It started with a little tickle at the back of her throat.
When she lost her sense of smell, this Hawaii Island woman had no doubt. She had COVID-19.
She wasn’t surprised, really. She’d been identified as a close contact in a workplace cluster.
She knew she had it, but convincing the state Department of Health was another matter entirely.
The first obstacle was the length of time between when she took her test on a Tuesday and when the results came back the following Sunday. She was in touch with DOH from the onset of her symptoms, but the department contact tracer wouldn’t verify her contacts because she didn’t have test results, the woman said.
“His response was you haven’t tested positive yet,” she said. “I ended up talking to everybody I could remember I had contact with just as a precaution.”
Then when she did get her positive results, the contact tracer took the names only of those in her household. The department had her workplace contacts because of the cluster it was investigating, but her contact tracer never took down the names of the other people she’d been in close contact with, she said.
“They’re not having that conversation,” she said. “They’re not doing contact tracing.”
A Hawaii Island man, unrelated and miles away, had a similar experience. His results came in two days after his test, but he also found the Health Department less than responsive.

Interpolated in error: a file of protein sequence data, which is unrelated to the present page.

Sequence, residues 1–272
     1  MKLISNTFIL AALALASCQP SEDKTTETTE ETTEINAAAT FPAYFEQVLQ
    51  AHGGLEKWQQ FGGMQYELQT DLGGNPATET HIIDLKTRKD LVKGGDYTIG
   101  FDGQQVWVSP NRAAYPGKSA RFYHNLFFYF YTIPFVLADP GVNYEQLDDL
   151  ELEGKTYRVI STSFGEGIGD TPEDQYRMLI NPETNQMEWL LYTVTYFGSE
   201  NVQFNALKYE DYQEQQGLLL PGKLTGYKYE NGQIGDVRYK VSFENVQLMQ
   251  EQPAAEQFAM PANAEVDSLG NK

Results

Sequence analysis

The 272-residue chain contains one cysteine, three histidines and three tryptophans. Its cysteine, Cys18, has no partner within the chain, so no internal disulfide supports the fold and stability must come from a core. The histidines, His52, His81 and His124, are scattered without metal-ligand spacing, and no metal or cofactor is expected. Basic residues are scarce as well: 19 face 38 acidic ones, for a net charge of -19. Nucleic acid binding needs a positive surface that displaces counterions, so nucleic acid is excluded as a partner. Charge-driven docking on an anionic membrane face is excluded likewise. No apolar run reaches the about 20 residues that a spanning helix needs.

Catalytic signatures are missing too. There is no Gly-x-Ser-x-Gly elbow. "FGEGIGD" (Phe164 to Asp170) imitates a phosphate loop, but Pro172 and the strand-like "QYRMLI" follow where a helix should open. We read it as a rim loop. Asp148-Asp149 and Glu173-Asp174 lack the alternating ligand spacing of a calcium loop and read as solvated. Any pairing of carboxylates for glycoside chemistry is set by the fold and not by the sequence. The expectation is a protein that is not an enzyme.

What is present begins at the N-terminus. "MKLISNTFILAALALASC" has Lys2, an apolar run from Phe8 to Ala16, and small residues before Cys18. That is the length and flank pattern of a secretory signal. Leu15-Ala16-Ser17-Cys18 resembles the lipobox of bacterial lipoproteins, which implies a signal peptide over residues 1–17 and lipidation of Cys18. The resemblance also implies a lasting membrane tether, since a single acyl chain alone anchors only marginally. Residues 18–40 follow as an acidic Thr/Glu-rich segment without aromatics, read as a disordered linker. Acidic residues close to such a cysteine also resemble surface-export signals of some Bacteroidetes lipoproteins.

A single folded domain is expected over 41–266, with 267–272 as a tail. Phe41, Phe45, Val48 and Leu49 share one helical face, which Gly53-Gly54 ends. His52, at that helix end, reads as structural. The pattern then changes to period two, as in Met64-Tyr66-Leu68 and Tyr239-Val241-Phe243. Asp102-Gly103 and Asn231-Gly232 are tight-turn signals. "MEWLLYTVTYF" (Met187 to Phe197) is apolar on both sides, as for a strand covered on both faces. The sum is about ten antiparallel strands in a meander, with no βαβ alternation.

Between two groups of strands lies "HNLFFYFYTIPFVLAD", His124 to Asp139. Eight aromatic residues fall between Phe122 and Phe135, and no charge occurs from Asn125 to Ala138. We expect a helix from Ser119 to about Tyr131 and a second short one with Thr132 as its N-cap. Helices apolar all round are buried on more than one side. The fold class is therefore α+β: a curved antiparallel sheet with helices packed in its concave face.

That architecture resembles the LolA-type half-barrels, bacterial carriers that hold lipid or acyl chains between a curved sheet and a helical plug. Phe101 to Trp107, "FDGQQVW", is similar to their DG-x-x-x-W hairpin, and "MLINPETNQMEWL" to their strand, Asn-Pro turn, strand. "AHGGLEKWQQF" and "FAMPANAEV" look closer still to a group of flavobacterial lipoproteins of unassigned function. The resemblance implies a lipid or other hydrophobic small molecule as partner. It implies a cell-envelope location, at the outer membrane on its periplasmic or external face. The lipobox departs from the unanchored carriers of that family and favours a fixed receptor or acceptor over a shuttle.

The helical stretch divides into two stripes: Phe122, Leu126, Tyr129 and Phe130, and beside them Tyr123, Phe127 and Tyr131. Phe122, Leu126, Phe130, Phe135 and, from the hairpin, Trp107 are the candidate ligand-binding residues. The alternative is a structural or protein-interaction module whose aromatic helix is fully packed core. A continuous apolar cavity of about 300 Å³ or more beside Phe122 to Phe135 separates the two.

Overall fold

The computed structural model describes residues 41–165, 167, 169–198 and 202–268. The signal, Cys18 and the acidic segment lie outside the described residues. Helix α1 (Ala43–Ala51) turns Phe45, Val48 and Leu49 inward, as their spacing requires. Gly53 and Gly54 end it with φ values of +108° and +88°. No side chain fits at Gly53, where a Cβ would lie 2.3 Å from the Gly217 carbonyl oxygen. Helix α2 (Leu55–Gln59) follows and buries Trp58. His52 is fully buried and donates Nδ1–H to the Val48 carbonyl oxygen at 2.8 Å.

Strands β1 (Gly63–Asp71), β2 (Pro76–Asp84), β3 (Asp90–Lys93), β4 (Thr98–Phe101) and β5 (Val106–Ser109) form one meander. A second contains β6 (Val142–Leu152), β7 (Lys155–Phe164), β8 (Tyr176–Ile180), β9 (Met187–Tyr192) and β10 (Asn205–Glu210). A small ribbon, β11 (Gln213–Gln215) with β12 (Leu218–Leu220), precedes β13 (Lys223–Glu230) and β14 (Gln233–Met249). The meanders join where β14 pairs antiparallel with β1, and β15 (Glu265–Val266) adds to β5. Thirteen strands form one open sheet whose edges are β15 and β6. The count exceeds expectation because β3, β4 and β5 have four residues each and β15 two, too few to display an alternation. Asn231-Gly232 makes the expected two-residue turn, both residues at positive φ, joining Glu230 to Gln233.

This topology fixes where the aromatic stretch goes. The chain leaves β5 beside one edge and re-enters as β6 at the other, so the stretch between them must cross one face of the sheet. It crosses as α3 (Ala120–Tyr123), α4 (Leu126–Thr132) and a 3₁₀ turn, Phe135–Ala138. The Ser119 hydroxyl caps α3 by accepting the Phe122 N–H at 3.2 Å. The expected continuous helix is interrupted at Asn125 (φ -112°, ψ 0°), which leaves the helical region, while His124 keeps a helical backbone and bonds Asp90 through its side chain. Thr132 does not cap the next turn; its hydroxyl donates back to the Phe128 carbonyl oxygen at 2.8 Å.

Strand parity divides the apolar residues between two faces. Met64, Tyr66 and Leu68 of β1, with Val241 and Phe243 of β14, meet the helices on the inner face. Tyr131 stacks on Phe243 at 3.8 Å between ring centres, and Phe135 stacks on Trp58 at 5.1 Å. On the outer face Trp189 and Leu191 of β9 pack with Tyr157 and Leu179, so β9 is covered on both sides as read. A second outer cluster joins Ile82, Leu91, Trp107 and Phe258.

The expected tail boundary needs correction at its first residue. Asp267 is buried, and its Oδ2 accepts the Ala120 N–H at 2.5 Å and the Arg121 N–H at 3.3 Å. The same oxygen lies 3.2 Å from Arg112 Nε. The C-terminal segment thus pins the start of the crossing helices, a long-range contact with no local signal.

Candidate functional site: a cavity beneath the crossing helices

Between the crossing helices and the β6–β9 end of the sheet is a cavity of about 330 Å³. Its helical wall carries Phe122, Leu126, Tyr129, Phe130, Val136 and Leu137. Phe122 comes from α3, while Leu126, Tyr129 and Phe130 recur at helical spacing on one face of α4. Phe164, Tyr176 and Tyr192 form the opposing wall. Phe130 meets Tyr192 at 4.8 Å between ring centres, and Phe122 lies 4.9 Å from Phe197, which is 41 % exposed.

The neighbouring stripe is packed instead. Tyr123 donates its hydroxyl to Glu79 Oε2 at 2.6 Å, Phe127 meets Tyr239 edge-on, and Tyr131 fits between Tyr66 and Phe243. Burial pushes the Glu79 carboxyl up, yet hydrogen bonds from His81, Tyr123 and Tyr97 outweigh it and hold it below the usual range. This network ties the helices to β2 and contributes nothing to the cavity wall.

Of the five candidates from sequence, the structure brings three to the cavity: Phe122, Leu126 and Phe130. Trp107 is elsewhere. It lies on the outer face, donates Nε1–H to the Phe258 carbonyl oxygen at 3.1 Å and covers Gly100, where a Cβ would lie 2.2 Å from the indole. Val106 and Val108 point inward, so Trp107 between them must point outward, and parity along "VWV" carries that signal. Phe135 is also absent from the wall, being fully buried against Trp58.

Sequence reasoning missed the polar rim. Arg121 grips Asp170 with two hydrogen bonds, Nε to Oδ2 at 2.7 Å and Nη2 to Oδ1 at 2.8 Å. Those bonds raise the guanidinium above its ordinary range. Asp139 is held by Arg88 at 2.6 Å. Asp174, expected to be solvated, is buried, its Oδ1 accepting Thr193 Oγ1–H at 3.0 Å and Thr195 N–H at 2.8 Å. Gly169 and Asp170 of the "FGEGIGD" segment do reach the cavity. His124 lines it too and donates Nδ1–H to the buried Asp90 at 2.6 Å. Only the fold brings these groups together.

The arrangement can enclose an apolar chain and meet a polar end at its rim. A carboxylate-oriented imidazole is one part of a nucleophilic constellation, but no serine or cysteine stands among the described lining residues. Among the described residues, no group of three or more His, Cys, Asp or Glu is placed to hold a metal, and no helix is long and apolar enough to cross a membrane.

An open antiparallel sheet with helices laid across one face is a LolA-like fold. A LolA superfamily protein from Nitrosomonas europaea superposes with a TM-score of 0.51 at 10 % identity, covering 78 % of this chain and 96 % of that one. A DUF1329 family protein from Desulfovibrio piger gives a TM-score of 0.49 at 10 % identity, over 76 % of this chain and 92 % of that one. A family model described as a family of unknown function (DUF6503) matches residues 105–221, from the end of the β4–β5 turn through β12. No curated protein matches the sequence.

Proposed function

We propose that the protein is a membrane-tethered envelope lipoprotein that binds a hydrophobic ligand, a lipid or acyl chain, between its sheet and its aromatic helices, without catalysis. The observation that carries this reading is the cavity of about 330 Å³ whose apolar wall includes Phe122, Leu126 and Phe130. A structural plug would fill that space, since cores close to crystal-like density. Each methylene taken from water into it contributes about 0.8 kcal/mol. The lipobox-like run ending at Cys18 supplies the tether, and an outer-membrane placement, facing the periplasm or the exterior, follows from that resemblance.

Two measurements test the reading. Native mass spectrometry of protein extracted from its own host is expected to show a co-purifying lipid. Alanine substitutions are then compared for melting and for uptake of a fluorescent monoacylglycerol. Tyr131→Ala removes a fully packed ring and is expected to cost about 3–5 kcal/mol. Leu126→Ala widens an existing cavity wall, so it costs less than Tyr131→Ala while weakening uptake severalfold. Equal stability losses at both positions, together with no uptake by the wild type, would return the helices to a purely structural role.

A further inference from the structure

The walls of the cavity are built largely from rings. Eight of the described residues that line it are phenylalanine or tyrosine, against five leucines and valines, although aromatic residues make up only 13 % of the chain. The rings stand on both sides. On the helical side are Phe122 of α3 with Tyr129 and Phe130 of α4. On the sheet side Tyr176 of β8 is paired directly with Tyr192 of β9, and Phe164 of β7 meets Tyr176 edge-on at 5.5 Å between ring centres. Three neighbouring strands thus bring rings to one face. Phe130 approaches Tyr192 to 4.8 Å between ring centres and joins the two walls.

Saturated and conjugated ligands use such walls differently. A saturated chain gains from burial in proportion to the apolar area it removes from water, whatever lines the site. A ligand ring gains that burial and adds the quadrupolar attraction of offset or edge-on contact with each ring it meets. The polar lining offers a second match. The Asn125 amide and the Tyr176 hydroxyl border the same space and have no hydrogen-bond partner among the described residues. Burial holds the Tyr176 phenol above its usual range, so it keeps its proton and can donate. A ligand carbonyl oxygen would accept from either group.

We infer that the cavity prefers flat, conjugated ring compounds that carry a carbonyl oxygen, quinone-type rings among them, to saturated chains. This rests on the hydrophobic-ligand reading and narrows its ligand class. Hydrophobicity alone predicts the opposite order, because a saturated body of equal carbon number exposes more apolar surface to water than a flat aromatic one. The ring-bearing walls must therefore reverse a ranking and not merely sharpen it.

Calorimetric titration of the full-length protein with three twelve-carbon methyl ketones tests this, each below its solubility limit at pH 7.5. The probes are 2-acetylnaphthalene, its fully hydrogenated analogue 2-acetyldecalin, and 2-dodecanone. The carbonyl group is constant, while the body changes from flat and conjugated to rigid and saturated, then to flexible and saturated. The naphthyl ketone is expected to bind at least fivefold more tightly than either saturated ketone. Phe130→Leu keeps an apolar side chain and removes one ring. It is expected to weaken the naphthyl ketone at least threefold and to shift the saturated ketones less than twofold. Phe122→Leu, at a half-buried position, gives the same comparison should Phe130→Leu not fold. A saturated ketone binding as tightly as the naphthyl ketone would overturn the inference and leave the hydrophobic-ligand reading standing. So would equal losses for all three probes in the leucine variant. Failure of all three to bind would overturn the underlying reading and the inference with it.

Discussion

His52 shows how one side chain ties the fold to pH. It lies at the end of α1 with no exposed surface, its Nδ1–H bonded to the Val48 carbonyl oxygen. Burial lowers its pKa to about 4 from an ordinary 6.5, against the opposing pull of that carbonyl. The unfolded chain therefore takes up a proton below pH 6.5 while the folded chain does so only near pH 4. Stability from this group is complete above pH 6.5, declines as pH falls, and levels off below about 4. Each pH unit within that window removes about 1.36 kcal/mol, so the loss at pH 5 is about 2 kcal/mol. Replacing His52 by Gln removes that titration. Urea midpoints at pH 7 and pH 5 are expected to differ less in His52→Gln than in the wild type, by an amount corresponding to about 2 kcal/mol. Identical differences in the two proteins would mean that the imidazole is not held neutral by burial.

“I called DOH a few times and nobody got back to me,” he said. “I was a little bit disgruntled with the guy.”
West Hawaii Today tried to reach the state for a response. Representatives from the Health Department and the state COVID-19 Joint Information Center didn’t return phone calls and emails on Wednesday, Thursday or Friday.
But county Mayor Harry Kim said a newly created central command post should help enhance communication and make sure people don’t fall through the cracks.
The command center, located at Aunty Sally Kaleohano’s Luau Hale in Hilo, will hold staff from state and county agencies to coordinate public education, enforcement, contact tracing, monitoring of incoming passengers, quarantine/isolation facilities, hospitalization and care facilities.
The county has added 15 travel quarantine trackers on contract to keep tabs on what’s expected to become an increase in travelers as Hawaii’s economy begins to reopen. That group was the first getting settled into the new command post Thursday.